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the pieces by Amber V. '24

scattered behind you

Each time you come home, you’re faced with the self you left behind.

Every hobby I picked up, except blacksmithing, lives in this room. My jewelry supplies are still in the desk drawer, though I’ve taken my best pliers to Boston. In my room, there’s a shelf of books taller than a man, stuffed full of fantasy. My eyes flick to the books I loved, gloss over the ones I once aspired to read. Not far away, there’s a path by the river, carved long ago into different paths: the 3-mile loop I ran in high school, the 14-mile stretch I pounded out over Covid, the 5- and 7-mile loops I run now. There’s all the coffee shops, which I used to save for writing fiction. All my other work, less holy, could be done in libraries or at my desk. At some point in the past, these things made up my life.

pretty desert

A great view for midlife crises

Every time you come home you are reminded of how you’ve changed, held up against a cardboard cutout of the person you once were. Or maybe it isn’t static — every piece of you that’s emerged you can trace back. I’ve always loved spaces that value local communities and art. I sought that out at MIT, found it in East Campus, Burton One, and the makerspaces where people tinker at their ideas late into the night. That’s something I want to hold onto forever. I don’t know where I’ll live a year from now, but wherever it is, I’ll look for the artists and the people building something bigger. 

I used to wake up at five-something am to squeeze an hour of writing in before school. I struggle to crawl out of bed now, but I’ll stay up late into any night to get done whatever needs getting done. The drive to work to the bone has only grown stronger. I love that; I loved the focus of falling into my 2.009 project. But I’m exhausted, and burnout is settling in. Can I keep this up; how to navigate the cycles of work and rest?

I am supposed to be drafting my writing thesis but the words aren’t flowing tonight. I remember the girl whose characters were always on her mind. Where did she go; when precisely did I beat that out of her? 

And who will you become? Which pieces matter now?

I stand in the kitchen with my mom and little sister. We talk politics the way we always do, the things we’ve done and the ways we plan to do more. We aren’t aligned on every particular but we see the same needs for change, and over time we’ve gotten better at applauding each other’s efforts as steps in the right direction. This time around I cannot help but feel how I’ve fallen behind. More and more lately I’ve been thinking about how engineering fixes so few problems; that part of the problem is thinking that just a little more engineering will solve everything. A little more production, making the right thing this time.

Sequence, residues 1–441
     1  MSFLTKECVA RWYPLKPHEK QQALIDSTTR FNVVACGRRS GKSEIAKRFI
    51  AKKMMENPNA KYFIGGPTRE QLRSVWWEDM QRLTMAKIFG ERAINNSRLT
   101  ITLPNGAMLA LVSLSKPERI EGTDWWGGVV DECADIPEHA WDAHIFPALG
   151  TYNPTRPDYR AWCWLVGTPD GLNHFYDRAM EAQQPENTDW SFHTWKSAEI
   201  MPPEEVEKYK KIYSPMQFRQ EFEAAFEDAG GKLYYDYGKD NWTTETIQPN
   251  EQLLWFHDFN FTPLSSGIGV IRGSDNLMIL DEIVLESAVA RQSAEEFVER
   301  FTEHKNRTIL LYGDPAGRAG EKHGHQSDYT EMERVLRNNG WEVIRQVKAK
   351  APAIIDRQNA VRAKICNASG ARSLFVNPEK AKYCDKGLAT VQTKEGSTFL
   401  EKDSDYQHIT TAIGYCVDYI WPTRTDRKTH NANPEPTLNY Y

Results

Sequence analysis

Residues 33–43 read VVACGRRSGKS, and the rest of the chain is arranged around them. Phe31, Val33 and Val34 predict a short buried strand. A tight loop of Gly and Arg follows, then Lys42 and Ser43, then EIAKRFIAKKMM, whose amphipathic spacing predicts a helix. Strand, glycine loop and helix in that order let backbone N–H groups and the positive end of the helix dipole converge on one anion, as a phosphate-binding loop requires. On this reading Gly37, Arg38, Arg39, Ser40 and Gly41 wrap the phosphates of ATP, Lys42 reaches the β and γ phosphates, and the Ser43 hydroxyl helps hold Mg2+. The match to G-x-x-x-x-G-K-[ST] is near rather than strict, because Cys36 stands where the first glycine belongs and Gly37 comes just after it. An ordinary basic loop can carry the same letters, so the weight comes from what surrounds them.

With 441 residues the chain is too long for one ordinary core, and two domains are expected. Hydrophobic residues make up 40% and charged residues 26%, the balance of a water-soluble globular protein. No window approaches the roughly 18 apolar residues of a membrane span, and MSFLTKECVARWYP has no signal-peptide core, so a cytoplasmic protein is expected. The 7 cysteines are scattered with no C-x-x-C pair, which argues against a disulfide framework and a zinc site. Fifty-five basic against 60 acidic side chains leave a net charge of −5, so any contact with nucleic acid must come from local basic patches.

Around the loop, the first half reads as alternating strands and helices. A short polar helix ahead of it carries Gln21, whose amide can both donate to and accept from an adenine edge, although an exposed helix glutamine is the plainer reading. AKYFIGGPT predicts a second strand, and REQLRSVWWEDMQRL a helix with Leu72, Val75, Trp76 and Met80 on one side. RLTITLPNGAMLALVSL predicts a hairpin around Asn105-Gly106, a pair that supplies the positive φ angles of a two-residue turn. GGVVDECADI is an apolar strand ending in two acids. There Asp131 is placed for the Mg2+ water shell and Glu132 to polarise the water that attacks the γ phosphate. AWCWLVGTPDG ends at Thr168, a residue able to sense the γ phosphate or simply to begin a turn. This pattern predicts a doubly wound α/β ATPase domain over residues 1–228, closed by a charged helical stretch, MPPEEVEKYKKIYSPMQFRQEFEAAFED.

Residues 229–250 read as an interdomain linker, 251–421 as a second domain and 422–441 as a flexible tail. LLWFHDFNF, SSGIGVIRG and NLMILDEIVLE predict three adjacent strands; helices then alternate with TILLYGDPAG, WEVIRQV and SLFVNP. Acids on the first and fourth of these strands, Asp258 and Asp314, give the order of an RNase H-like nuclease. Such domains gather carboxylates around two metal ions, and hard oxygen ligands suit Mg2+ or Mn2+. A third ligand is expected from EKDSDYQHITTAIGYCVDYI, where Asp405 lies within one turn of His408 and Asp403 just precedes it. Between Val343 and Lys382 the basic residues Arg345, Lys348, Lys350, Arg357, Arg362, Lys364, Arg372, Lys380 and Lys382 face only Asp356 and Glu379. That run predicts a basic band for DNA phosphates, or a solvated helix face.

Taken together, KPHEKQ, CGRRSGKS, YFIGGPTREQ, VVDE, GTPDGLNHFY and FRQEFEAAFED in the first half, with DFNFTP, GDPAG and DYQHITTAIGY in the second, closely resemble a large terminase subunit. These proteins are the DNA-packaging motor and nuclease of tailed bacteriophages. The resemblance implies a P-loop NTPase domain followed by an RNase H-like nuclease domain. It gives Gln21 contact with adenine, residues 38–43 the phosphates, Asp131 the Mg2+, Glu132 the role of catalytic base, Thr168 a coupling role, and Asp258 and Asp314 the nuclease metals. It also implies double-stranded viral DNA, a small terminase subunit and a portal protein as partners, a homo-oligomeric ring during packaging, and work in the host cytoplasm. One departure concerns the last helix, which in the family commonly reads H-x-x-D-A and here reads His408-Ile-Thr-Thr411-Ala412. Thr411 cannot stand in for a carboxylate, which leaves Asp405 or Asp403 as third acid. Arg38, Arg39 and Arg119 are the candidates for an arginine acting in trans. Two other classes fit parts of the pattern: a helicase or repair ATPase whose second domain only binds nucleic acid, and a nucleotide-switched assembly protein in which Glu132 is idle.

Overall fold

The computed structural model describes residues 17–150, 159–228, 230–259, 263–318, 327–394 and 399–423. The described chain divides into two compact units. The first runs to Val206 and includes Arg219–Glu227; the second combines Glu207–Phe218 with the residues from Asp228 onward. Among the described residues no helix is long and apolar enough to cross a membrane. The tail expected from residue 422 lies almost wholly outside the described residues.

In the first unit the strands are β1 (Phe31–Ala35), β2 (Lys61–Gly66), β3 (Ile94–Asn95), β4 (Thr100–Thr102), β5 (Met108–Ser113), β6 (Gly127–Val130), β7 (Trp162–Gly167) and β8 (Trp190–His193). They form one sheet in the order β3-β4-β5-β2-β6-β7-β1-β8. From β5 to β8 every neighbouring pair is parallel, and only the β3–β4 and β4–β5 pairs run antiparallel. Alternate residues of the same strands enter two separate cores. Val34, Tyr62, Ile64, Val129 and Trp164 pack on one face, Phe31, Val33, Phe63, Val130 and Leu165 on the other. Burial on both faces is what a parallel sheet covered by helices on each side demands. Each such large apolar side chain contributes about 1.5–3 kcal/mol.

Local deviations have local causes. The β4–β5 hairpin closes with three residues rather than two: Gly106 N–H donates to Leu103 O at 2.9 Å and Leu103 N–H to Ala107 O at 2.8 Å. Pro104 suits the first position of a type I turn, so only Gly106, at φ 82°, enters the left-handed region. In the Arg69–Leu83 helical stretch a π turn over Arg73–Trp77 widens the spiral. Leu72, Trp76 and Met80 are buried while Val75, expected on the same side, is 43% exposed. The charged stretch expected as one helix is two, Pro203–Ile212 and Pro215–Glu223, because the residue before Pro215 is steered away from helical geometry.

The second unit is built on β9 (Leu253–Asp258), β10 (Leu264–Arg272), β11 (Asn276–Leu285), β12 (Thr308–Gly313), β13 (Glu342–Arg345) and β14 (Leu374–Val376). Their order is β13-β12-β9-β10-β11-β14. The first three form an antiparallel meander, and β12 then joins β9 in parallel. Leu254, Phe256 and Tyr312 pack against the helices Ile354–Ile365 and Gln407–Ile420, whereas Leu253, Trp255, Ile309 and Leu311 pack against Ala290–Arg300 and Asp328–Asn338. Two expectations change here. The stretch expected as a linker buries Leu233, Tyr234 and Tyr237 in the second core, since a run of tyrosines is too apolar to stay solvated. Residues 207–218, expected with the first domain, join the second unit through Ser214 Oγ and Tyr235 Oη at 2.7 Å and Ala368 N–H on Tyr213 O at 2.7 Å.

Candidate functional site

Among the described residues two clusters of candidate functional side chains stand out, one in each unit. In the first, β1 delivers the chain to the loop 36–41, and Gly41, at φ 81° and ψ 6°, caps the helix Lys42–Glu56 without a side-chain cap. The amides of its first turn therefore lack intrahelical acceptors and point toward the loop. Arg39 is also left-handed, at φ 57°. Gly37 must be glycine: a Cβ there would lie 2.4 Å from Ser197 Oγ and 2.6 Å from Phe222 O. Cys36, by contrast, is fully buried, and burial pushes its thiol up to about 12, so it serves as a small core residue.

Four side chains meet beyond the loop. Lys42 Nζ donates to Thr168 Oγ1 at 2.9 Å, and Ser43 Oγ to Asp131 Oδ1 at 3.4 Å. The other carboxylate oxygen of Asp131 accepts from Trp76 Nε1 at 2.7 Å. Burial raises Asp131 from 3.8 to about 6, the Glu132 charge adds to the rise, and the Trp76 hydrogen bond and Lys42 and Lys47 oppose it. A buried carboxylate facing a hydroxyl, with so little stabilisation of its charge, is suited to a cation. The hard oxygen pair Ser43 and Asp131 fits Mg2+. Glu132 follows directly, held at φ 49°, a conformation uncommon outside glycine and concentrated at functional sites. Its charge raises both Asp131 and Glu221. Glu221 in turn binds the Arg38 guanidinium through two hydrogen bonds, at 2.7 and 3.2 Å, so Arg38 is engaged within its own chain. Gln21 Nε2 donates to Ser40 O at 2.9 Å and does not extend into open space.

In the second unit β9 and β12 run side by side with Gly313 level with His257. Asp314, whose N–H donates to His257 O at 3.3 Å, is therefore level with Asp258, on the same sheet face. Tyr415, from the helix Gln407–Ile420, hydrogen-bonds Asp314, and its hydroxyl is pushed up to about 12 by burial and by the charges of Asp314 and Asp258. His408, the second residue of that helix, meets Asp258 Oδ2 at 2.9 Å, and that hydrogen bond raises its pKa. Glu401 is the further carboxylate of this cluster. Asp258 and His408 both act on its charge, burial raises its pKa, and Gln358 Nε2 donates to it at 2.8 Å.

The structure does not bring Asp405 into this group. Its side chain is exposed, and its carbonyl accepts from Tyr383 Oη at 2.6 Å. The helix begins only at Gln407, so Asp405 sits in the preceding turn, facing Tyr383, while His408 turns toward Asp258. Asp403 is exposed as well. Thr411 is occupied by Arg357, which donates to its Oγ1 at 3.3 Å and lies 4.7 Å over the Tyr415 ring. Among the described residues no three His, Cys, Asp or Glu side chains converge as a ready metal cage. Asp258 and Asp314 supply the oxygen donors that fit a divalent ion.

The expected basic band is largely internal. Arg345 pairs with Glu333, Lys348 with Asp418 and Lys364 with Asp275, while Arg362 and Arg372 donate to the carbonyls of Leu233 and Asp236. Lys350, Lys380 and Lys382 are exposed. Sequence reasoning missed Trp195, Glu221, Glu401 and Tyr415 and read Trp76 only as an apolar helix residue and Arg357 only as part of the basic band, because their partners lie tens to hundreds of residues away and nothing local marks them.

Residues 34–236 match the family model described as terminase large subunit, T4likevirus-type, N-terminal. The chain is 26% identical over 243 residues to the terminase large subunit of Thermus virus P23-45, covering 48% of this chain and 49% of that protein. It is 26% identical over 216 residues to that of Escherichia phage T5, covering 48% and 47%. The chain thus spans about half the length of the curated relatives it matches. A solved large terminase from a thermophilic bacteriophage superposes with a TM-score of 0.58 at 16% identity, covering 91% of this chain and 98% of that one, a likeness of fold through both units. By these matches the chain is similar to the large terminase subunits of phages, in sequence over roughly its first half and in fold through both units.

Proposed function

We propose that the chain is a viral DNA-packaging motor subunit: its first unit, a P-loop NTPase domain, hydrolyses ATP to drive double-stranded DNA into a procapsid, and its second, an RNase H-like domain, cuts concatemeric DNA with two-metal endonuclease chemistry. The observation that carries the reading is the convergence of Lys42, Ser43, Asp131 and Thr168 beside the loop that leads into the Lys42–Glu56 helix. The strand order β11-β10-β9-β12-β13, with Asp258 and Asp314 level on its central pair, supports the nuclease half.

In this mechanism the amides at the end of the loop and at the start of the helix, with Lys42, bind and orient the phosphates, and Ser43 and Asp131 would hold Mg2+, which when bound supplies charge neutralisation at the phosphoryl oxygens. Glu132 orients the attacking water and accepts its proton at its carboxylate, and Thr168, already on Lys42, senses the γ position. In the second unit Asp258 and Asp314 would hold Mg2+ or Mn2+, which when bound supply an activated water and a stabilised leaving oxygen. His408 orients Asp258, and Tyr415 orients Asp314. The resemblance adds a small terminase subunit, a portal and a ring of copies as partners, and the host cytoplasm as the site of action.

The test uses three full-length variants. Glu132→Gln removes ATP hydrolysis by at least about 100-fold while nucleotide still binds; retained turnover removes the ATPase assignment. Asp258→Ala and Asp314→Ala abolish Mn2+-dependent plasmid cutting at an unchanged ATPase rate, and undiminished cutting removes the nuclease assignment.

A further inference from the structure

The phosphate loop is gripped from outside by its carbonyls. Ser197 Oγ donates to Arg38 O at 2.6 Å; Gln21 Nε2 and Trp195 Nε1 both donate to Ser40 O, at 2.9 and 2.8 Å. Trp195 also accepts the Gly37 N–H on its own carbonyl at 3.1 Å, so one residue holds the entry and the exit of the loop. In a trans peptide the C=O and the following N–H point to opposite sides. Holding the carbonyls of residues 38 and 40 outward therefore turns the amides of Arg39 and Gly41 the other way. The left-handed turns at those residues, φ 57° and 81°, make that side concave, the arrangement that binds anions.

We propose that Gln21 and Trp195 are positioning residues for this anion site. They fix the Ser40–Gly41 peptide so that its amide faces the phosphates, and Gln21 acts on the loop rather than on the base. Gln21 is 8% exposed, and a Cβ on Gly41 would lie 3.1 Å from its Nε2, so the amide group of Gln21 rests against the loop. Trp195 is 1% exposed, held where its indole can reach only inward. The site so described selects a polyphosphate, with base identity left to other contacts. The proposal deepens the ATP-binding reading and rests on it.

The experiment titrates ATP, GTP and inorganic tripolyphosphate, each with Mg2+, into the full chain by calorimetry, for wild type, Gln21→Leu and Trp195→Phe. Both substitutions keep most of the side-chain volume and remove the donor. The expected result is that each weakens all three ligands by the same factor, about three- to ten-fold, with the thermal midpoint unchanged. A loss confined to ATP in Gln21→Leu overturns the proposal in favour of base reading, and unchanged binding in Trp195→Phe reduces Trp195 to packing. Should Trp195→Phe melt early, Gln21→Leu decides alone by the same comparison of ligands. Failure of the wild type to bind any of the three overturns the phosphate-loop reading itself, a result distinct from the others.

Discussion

computer, scone, and coffee

working at Raging Sage in Tucson

I used to think burnout and rest and work-life balance were all well and good, for other people. I still think they are well and good. I am burning out, hard, and not sure what to do about it. I understand how grind culture is harmful, but I love what I work on, and I love my grit, my capacity to suffer, the feeling of pushing my limits. Working hard has brought me far, and it’s easy to believe that I can escape the harm by being better at working hard. I just need to work harder.

I am beginning to see a parallel between work and burnout, and engineering to solve climate change. Regarding climate change, the issues, fundamentally, are mass manufacturing and economics that make waste more attractive than repurposing. We can invent ways to save energy but without changing the system I don’t think the problem will be solved. And yet here I am, paging through start-ups and research groups, thinking that if my product is like the rest but better, then perhaps that will fix everything. 

I just need to work harder.

two bowls of raspberries and two cups of coffee

breakfast in Gosha’s room

And anyway I’m so normal now and so far from the fight, and I need to get back. I’m so normal now and when I am alone I dream of walking the open road, or wandering streets crowded with people, or curling up in a room full of my friends. I do not dream of writing, don’t grasp for the beyond, don’t worry at the snags in my characters and the holes in my plots until each one is smoothed out and filled. I have not done this in so long. 

And I’m happy. I love my friends. I love learning and in time I’ll strike upon work I love, too. I’m surviving and I love the intensity of work as it burns me. I’m burned so hard I cannot feel.  I think this is what MIT does to us. I’ve seen it happen before. But I — am I upset? I feel only tired, and comfortably numb. And there is so much good in this life. I think I need a couple months, time to regroup, and then I’ll be back in it. I’d better be back in it for something that matters, a tech that causes good, a story that means something.